A visit and residential course at the Centre for Alternative Technology

September 26th, 2012 by Katharine Mann Leave a reply »
WISE Building

The WISE Building at the Centre for Alternative Technology

Since hearing from a friend who is doing her Masters there, and reading their Clean Slate magazine, I’ve wanted to visit the Centre for Alternative Technology (CAT), near Machynlleth in Wales. CAT is a world renowned eco-centre with interactive displays and practical examples of the following:

  • sustainable living
  • renewable energy
  • and organic gardening.

To make the most of my train trip to Machynlleth, 3 miles from CAT, I combined a visit with a three day residential course: “Introduction to renewable energy systems”.

On arrival, I was transported by the water balanced cliff railway installed in 1974, up a 35°-gradient hill. At the top I took in the stunning, green, lush view of the surroundings, a former slate quarry in southern Snowdonia. I spent all morning looking round the various exhibits including:

  • Solar panels which you can move around to test the optimum angle and direction
  • Audio information about the exhibits which play by winding the handle – one way for English and the other way for the Welsh version
  • The wind-powered seat
  • Hobby allotment and bee shed containing information about the importance of bees
  • Most insulated house in Britain, with 450mm of insulation and quadruple glazing
  • Theatre made of straw bales
  • Insulation options for different wall types such as solid-wall and cavity-wall
  • The shop, selling a large range of books as well as low impact household products, clothes and gifts.

I started the course that afternoon, and it was delivered by lecturers and research students based at the Welsh Institute for Sustainable Education (WISE) who are passionate about sustainable living. The main lecturer was Tobi Kellner who is an Energy Modeller and part of the research team for Zero Carbon Britain.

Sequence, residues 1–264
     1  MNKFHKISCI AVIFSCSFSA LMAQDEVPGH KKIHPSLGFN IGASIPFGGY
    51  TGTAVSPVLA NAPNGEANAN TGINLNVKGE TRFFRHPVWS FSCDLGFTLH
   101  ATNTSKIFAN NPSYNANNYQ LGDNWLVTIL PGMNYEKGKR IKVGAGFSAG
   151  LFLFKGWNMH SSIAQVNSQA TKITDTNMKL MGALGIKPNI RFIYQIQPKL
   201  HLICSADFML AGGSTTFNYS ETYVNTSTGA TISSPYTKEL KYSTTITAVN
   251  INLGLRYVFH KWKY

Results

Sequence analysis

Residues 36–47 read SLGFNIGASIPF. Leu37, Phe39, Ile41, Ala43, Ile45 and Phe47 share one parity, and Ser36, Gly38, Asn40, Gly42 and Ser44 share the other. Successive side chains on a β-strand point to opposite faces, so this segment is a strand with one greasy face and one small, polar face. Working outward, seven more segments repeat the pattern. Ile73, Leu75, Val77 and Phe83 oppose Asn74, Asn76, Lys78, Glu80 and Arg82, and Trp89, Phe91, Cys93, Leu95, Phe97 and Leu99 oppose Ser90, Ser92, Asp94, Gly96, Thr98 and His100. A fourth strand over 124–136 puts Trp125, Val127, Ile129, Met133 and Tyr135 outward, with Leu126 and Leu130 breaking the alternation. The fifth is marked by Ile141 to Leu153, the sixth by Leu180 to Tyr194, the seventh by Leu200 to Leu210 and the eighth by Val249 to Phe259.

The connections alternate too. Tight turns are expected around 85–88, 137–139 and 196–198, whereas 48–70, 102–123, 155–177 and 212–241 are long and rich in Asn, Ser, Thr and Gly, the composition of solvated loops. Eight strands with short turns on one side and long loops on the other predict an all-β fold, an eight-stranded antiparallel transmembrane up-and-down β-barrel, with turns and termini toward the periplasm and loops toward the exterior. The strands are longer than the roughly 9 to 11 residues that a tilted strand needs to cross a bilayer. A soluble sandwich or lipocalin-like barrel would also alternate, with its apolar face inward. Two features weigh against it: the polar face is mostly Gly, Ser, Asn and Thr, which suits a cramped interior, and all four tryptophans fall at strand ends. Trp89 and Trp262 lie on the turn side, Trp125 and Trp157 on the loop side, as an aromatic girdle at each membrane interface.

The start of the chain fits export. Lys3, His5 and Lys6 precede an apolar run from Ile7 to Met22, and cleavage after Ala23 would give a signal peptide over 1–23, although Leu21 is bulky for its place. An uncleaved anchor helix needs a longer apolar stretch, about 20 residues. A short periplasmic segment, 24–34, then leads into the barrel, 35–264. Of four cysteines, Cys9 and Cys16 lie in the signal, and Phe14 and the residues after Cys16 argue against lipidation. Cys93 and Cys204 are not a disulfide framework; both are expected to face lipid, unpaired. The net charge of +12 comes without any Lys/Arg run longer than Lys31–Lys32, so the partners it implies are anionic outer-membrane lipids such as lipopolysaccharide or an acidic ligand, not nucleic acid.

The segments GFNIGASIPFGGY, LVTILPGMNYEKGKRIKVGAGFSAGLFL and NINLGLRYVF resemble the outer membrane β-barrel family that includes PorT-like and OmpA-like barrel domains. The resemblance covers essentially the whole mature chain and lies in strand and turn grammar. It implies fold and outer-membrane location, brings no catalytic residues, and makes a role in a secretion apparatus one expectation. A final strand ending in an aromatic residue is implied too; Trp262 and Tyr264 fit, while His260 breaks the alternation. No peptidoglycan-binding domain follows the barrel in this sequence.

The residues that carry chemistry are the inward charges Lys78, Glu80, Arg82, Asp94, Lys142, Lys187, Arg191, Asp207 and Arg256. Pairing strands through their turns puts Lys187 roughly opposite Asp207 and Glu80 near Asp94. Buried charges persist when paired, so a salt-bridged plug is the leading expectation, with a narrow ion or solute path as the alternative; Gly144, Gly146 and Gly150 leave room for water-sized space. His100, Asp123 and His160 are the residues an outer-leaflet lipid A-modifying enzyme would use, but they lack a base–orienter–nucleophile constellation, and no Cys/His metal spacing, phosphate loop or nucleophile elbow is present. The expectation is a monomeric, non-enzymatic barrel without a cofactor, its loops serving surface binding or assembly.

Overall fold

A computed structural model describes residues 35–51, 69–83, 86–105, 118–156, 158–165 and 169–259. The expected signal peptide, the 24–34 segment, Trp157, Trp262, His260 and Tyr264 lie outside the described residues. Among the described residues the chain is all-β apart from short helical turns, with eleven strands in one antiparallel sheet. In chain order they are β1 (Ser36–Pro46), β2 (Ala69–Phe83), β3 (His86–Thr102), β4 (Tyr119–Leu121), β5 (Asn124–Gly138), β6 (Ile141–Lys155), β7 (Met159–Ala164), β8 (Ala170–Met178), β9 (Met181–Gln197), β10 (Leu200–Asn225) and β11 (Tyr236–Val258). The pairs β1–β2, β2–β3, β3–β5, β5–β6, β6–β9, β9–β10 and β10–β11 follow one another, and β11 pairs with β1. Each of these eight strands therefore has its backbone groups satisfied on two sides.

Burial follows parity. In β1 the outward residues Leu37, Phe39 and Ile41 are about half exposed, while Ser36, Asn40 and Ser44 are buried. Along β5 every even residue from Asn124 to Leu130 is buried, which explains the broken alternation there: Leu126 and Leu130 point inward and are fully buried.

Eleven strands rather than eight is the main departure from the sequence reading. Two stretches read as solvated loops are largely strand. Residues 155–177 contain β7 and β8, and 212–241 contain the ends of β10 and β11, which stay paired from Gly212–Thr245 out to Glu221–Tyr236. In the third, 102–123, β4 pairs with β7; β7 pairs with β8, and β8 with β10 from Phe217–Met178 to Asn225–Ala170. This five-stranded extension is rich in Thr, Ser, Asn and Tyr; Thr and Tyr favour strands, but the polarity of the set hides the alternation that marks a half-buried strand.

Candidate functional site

We began with a definition of renewable energy systems: energy; which comes from resources such as sunlight, wind, rain, tides and geothermal heat; which are naturally replenished. There were then sessions covering practicalities like the conditions required, installation and maintenance costs, output, expected payback period, any feed in tariffs or grants available and if they are subject to planning or building control regulations. This was broken down for each of the following renewable energy systems:

  • Solar photovoltaics for generating electricity
  • Solar hot water
  • Biomass stoves and boilers
  • Micro-hydroelectric power
  • Ground-source and air-source heat pumps
  • Wind power

Having learnt about the theory of each energy system we could then see it in practice around the site. For example, we started up the micro hydro-power turbine to see how much power it generated, and saw a solar hot water system made out of a radiator painted black.

The lectures and the accommodation for the course were all in the Welsh Institute for Sustainable Education (WISE) building (see the picture above) which opened in 2010 and showcases the highest standard of green building, energy conservation and renewable energy generation. The thick walls are made of low embodied energy materials such as hemp and lime, rammed earth and locally sourced sustainable timber making them breathable and very well insulated.

The building is designed for low energy consumption, and 20% of the whole site’s electricity is generated from on-site renewable energy sources including solar photovoltaic panels, hydro and wind turbines. The rest of the electricity comes from the national grid on Good Energy’s tariff which sources 100% of its electricity from renewable energy sources. The WISE building also hosts an impressive array of solar thermal collectors which contribute to the domestic hot water needs.

I thoroughly enjoyed my 3 informative, inspiring and sunny days at CAT and recommend a visit!

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